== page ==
Here is the my new address at Chicago Parent. At some point LBN might find this to be its permanet home, but I'll let you know when that happens. Either way you will continue to be bombarded by my frequent updates on FB or Email. Check it out, give it a look, leave a comment, browse the site, whatever.... thanks for the support.

Monday, October 12, 2009

The Five (little) Finger Discount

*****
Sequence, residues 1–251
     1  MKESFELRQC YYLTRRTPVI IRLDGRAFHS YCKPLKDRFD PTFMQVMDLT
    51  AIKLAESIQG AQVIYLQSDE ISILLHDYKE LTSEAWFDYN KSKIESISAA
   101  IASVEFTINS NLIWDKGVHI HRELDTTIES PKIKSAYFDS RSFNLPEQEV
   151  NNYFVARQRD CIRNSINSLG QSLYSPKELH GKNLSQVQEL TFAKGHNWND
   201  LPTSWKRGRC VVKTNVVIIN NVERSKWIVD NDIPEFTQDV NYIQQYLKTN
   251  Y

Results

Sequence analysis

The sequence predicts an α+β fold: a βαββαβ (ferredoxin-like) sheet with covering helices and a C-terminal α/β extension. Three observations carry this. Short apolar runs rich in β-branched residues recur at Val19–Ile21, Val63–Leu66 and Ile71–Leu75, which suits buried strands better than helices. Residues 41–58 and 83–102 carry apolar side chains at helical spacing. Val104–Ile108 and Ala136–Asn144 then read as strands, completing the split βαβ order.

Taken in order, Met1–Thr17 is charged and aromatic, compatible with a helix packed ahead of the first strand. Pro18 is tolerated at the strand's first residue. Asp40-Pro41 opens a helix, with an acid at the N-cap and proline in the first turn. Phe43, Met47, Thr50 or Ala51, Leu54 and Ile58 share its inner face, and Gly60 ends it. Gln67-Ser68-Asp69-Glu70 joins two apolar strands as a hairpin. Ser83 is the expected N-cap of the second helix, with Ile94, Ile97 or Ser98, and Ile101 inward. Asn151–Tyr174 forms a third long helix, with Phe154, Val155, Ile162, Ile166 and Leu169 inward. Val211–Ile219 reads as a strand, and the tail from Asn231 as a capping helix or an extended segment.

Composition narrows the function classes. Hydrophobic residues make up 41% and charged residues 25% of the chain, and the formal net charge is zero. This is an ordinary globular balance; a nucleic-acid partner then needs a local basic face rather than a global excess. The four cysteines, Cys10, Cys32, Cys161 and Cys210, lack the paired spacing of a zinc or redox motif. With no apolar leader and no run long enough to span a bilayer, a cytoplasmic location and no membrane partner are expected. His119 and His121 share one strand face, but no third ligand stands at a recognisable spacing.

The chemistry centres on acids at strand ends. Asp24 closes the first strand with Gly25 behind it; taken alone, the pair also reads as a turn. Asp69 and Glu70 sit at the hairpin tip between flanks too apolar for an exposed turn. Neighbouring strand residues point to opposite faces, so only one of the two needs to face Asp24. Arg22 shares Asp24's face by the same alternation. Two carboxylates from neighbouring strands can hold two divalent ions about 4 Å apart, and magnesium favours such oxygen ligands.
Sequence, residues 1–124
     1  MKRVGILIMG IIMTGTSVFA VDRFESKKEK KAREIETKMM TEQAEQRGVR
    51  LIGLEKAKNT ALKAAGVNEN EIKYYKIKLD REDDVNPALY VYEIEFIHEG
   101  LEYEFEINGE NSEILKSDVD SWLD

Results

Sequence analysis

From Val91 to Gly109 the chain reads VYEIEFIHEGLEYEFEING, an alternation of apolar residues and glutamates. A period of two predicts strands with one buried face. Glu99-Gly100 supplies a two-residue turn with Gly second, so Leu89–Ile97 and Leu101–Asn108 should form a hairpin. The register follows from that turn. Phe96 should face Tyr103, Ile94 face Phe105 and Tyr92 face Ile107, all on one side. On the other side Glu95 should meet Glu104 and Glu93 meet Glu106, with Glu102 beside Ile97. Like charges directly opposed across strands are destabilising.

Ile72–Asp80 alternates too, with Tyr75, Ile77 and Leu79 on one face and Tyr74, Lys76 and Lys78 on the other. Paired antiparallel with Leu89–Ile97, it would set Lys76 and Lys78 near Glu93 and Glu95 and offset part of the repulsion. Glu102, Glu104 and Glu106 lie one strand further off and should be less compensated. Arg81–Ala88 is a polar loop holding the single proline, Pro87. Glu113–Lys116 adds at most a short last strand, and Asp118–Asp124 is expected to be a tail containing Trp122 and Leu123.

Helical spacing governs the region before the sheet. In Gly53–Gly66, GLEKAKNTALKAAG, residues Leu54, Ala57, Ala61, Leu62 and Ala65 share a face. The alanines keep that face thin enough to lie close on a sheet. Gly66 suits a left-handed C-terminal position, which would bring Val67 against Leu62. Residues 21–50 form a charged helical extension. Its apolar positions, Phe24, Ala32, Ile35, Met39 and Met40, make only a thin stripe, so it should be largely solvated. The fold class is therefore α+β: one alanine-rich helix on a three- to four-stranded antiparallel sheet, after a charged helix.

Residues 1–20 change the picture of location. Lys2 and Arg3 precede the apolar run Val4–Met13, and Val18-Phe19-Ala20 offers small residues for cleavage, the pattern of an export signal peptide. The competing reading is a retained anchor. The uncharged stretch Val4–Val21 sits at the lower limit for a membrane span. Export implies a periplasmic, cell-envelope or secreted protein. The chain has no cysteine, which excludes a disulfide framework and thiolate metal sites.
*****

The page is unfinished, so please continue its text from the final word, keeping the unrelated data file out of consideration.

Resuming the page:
“Why did you buy this?” Cath asked. This was not an unfamiliar question. In fact, I can’t recall a single time in our relationship where I’ve come back from a store and not heard those words. Perhaps I’m subconsciously purchasing the absurd to keep her on her toes, you know, keep things exciting… mysterious even. I can’t help it, I love novelty items. I guess I’m sort of an impulse buyer, if it’s on sale, brightly colored or pours from a twist top (solid or liquid), it goes in the cart. Sure, perhaps I could’ve used better judgment the day I purchased 2 flats of canned green beans, but from a fiscal point of view it was a steal. On the other hand, storing and consuming 48 cans proved to be a logistical nightmare. At one point in an effort to rid our house of these cans and give the world back a good chunk of its aluminum supply, I found myself mixing a batch of green bean pancakes for breakfast. Thank god Cathy was there to stop me, or it could’ve got out of hand. I had officially run out of ways to implement them into our meals and I broke down. It was really a tender moment in our relationship. I remember quite vividly her gentle hands on my face and her cotton soft voice consoling me as I crashed to the floor crying and cursing the day Costco put those little green bastards on sale. A week later I bought 6 loaves of bread for the price of 3. We barely finished one before the others turned into the back end of a science experiment. As a result I’m no longer allowed into a shopping warehouse by myself. But this time it was different.